Foundation commits $15 million to tweak school design
March 25, 2013
Many individuals find a variety of teaching styles effective, but because no two students are the same, an instructor's efforts do not always pan out for everyone. With tweaking the design of how various academic resources are used to influence education, the Carnegie Corporation of New York has committed $15 million to district-based schools. Moreover, the nonprofit has vowed to launch Springpoint in January, a school design institute to provide new ideas on academic programs.
This commitment comes on the heels of the group's latest report on how instructors can integrate elements like technology, time, money and additional resources to help students meet proposed Common Core Standards and Next Generation Science Standards. These guidelines help ensure individuals are prepared for college or other post-graduate studies and work.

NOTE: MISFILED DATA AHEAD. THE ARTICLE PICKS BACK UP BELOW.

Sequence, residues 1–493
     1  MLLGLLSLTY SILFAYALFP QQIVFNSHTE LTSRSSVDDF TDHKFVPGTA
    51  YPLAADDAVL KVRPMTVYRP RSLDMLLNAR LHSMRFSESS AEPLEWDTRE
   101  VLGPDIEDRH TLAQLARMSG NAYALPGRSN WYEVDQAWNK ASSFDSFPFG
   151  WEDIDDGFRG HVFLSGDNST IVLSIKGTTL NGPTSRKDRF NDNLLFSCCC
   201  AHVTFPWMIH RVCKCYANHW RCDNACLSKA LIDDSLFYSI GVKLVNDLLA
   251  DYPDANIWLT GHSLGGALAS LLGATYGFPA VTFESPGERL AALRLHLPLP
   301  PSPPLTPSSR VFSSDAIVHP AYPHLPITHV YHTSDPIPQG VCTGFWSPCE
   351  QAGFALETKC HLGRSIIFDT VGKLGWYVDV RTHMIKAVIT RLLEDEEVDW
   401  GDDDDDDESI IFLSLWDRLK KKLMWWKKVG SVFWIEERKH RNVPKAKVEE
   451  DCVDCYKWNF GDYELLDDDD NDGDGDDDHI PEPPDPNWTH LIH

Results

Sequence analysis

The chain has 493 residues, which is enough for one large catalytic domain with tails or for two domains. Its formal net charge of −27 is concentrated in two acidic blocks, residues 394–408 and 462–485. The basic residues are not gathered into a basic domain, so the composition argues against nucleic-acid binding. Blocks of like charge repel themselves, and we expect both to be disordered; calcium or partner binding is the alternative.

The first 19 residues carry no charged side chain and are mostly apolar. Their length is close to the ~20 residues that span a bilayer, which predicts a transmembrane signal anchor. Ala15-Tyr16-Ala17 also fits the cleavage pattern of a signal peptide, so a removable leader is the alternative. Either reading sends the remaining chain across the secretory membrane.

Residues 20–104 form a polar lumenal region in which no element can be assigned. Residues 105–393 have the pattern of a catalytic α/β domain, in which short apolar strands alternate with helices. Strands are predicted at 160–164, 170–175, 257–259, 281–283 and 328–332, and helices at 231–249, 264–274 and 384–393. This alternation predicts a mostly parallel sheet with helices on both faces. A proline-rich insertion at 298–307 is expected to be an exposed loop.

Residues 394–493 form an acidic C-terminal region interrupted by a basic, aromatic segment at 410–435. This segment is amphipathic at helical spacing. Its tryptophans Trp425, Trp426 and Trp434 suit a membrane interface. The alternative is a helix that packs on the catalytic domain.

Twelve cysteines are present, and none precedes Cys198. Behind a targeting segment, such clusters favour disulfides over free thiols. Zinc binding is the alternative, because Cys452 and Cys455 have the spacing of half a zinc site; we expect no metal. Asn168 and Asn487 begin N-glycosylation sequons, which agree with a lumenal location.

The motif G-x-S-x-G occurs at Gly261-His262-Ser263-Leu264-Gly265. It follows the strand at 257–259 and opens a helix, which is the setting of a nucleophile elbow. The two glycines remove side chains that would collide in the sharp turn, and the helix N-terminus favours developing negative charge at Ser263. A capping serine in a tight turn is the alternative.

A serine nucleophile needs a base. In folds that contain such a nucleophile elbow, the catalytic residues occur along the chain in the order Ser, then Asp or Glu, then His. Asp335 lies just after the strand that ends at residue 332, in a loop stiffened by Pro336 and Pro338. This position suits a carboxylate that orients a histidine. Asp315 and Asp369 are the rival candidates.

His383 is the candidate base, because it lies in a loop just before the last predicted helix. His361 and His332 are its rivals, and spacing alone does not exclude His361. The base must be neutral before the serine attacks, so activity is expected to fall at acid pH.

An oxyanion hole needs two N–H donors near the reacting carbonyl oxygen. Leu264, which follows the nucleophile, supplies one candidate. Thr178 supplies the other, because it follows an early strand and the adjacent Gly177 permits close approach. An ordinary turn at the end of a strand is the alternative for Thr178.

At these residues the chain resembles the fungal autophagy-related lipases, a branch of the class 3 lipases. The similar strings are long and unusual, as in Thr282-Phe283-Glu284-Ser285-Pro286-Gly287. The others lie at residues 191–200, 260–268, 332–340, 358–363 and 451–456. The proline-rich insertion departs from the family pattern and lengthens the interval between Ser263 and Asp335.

"Powerful school designs can enable students to pursue individualized pathways toward college and career readiness while ensuring a focus on equity and quality for every student," report co-author Leah Hamilton explained.
The Carnegie Corporation has been invested in providing organizations that are dedicated to spreading knowledge in various areas since 1911. Thus far, thanks in part to a $2 billion endowment form Andrew Carnegie, the foundation has made grants totaling more than $1.4 billion.
Foundations and organizations that provide annual funding might benefit from nonprofit accounting software, which can help board members audit funds and make sure the correct amounts are being distributed to various programs each year.